Most businesses are not aware that their companies domain has a “status” on the Internet; let alone what it is or how to check it. In fact, it is called a “reputation”, and this is the “grade” that is given to either your domain name and/or the IP Addresses/systems that you use to send email.
When you send email out (especially to Hotmail, AOL and Yahoo, Gmail, etc), the receiving email servers monitor both the content of your emails as well as the amount of messages you send. They “grade” you according to complaints registered by their own customers/your email recipients (usually about the email being spam), as well as the number of hard bounces created by your sends. The more traffic that you generate (emails you send), the higher the probability that negative feedback will affect your email reputation and could even get you blacklisted.
When an email campaign is sent out via mass mailing lists, it immediately creates a large amount of traffic to various receiving providers. If the lists are not properly maintained (i.e., if old or invalid email addresses aren’t removed or updated), there is a higher risk of getting a bad score with the receiving provider.
The providers’ actions might include alerting you of a problem by email, which is generally included in the bounce message returned to the sender. Some providers will report your server to various RBLs (Real Time Blacklists), or just simply block traffic from your server for a certain amount of time while they continue to monitor you. The worst part, is that you won’t know anything is wrong, you’ll keep on sending emails, but your emails wont ever arrive at their designation. Have you ever had a customer tell you they never received your email? Your servers could be blocked by some providers, or maybe your email just got caught up in a SPAM filter.
When your business relies on sending email, you have to maintain control of this situation.
Here are some steps to follow:
- Always remove Hard Bounces from your lists. Follow-up with the email owner to verify why the email bounced. It might have bounced because that companies mail server was down during the time you tried sending, or maybe the person you tried to email no longer works there, or maybe they got remarried and their email address has since changed, what ever the reason it’s worth following up on. You’ve worked hard to build your email marketing lists, it’s easier to follow-up on an existing email address than to aquire new ones.
- Keep track of who doesn’t open or interact with your emails and if those same people don’t open or click on any links over a period of time ie 1 month, then its best to remove them from your future sends, as email service providers are able to detect this themselves and this can negatively affect your reputation as well. If you’re sending lots of emails, but no one on the other end is reading or interacting with your emails, you’re just clogging up the internet with junk.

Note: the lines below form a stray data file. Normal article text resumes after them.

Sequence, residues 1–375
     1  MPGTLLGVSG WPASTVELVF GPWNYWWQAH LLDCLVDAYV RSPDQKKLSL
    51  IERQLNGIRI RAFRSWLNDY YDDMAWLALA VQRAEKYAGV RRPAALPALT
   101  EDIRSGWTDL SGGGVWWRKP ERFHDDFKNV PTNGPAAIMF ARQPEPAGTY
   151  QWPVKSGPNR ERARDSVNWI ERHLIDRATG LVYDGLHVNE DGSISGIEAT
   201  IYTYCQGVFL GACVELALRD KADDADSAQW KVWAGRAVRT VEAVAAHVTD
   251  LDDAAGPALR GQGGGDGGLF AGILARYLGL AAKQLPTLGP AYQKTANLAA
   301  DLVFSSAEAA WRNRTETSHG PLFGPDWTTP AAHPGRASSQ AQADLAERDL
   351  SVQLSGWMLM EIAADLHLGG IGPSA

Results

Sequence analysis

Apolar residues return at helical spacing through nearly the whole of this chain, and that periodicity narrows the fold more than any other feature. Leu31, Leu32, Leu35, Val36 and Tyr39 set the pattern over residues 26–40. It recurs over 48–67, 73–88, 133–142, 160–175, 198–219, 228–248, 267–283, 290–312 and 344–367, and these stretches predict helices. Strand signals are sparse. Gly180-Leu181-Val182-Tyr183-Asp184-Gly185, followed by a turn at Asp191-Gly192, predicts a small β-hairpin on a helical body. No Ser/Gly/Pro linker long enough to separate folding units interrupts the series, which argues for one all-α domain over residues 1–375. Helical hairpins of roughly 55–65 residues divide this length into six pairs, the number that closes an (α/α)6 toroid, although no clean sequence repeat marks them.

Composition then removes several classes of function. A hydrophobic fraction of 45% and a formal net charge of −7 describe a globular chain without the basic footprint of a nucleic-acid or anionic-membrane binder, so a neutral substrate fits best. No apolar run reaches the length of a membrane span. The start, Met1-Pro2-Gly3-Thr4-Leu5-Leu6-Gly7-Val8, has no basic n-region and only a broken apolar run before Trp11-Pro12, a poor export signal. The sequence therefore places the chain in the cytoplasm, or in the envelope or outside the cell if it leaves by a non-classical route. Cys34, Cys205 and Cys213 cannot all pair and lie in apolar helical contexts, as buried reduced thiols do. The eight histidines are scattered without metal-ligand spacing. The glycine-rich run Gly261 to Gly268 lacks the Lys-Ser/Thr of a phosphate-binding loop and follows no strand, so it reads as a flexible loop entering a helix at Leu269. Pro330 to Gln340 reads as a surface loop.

- Immediately remove unsubscribes, because if you don’t, they could eventually mark your email as SPAM, which can hurt your reputation online as a marketer.
- If you purchase email lists (not recommended), get them cleaned up before you send to them. Submit the list to a list verification service to remove any bad email addresses.
- Consider using an online Email Service Provider, such as Constant Contact, Mail Chimp or even IntelliClick for GoldMine to manage your unsubscribes/bounces, and send your campaigns.
- Monitor your mail server logs (if you own your own mail server) to make sure that you haven’t been hacked and someone else isn’t sending from your mail server.
- Try to communicate directly with the receiving providers and sign up for their feedback loops as a sign of cooperation.
- At regular intervals, check out sites like EmailSecurityGrader, MXToolbox.com and even Senderscore.com for a more generalized picture of your companies reputation. These sites will show you whether your server is blacklisted and if your mail and/or DNS servers are properly configured. They will also give you pointers on securing and adjusting your mail server/DNS settings.
Ultimately, your reputation is based on what leaves and enters your server, so it’s up to you to maintain control: set your rules, abide by your rules, and make sure your employees abide by your rules so that you won’t have to worry about your reputation. It’s so easy to maintain a good reputation than to try to get it back once you’ve been blacklisted, so it’s better to be proactive instead of reactive.